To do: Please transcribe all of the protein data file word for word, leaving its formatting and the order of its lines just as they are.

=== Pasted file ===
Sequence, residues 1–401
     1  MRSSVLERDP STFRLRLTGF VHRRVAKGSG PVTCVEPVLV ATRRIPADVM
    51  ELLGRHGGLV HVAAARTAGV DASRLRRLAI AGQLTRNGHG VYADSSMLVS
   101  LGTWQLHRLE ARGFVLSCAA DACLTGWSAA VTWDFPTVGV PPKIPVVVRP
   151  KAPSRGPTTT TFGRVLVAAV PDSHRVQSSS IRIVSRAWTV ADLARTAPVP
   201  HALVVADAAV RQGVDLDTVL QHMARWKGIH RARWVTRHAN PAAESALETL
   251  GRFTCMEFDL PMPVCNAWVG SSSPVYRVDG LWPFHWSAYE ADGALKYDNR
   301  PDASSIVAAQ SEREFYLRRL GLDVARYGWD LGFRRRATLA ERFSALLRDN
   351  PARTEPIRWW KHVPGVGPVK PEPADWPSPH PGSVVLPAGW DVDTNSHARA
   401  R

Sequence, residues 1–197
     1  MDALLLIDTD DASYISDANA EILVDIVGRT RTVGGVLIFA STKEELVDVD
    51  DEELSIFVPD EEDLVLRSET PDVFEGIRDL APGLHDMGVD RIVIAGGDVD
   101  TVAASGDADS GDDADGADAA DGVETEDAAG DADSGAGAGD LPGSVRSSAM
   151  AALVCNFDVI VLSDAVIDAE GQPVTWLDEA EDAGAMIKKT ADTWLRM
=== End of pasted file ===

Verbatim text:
Sequence, residues 1–401
     1  MRSSVLERDP STFRLRLTGF VHRRVAKGSG PVTCVEPVLV ATRRIPADVM
    51  ELLGRHGGLV HVAAARTAGV DASRLRRLAI AGQLTRNGHG VYADSSMLVS
   101  LGTWQLHRLE ARGFVLSCAA DACLTGWSAA VTWDFPTVGV PPKIPVVVRP
   151  KAPSRGPTTT TFGRVLVAAV PDSHRVQSSS IRIVSRAWTV ADLARTAPVP
   201  HALVVADAAV RQGVDLDTVL QHMARWKGIH RARWVTRHAN PAAESALETL
   251  GRFTCMEFDL PMPVCNAWVG SSSPVYRVDG LWPFHWSAYE ADGALKYDNR
   301  PDASSIVAAQ SEREFYLRRL GLDVARYGWD LGFRRRATLA ERFSALLRDN
   351  PARTEPIRWW KHVPGVGPVK PEPADWPSPH PGSVVLPAGW DVDTNSHARA
   401  R

Sequence, residues 1–197
     1  MDALLLIDTD DASYISDANA EILVDIVGRT RTVGGVLIFA STKEELVDVD
    51  DEELSIFVPD EEDLVLRSET PDVFEGIRDL APGLHDMGVD RIVIAGGDVD
   101  TVAASGDADS GDDADGADAA DGVETEDAAG DADSGAGAGD LPGSVRSSAM
   151  AALVCNFDVI VLSDAVIDAE GQPVTWLDEA EDAGAMIKKT ADTWLRM